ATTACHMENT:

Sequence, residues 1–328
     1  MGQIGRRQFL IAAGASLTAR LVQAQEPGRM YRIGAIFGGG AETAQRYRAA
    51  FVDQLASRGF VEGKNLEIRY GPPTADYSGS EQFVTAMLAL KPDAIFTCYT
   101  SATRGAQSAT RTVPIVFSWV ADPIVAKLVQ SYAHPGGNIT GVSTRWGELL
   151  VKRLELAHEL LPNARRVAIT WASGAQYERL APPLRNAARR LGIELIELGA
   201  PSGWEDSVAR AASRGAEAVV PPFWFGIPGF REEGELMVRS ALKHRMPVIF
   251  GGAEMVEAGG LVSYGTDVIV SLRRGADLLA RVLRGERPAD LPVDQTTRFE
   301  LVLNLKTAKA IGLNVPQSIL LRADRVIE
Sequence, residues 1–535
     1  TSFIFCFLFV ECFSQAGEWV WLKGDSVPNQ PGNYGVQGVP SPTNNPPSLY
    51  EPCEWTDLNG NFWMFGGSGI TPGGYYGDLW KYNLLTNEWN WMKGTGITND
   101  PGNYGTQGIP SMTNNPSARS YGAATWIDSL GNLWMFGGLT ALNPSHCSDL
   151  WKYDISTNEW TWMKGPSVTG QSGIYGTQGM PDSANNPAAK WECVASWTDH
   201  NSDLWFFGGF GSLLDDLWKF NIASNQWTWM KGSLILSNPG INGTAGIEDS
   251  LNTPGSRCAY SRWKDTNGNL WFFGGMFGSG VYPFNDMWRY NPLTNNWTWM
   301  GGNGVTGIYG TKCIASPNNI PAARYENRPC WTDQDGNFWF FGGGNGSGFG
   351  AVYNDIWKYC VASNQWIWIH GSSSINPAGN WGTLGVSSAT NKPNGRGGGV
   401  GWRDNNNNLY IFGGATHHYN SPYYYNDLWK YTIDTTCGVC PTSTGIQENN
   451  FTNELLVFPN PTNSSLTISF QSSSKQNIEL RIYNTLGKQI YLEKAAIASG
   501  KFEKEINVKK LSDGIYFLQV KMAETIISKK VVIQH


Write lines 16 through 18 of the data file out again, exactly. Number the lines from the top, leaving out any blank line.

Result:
   301  GGNGVTGIYG TKCIASPNNI PAARYENRPC WTDQDGNFWF FGGGNGSGFG
   351  AVYNDIWKYC VASNQWIWIH GSSSINPAGN WGTLGVSSAT NKPNGRGGGV
   401  GWRDNNNNLY IFGGATHHYN SPYYYNDLWK YTIDTTCGVC PTSTGIQENN